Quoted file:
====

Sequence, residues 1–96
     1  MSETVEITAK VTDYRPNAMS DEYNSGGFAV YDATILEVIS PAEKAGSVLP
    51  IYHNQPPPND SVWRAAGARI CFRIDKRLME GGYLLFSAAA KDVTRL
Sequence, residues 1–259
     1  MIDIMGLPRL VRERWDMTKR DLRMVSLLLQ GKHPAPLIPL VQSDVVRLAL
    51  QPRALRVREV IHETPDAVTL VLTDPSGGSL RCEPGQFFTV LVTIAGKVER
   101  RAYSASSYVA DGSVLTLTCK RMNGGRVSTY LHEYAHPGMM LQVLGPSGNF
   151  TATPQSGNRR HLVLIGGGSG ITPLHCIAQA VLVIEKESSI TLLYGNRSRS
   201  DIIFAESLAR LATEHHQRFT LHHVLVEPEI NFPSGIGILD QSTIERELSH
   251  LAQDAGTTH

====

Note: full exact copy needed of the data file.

Sequence, residues 1–96
     1  MSETVEITAK VTDYRPNAMS DEYNSGGFAV YDATILEVIS PAEKAGSVLP
    51  IYHNQPPPND SVWRAAGARI CFRIDKRLME GGYLLFSAAA KDVTRL
Sequence, residues 1–259
     1  MIDIMGLPRL VRERWDMTKR DLRMVSLLLQ GKHPAPLIPL VQSDVVRLAL
    51  QPRALRVREV IHETPDAVTL VLTDPSGGSL RCEPGQFFTV LVTIAGKVER
   101  RAYSASSYVA DGSVLTLTCK RMNGGRVSTY LHEYAHPGMM LQVLGPSGNF
   151  TATPQSGNRR HLVLIGGGSG ITPLHCIAQA VLVIEKESSI TLLYGNRSRS
   201  DIIFAESLAR LATEHHQRFT LHHVLVEPEI NFPSGIGILD QSTIERELSH
   251  LAQDAGTTH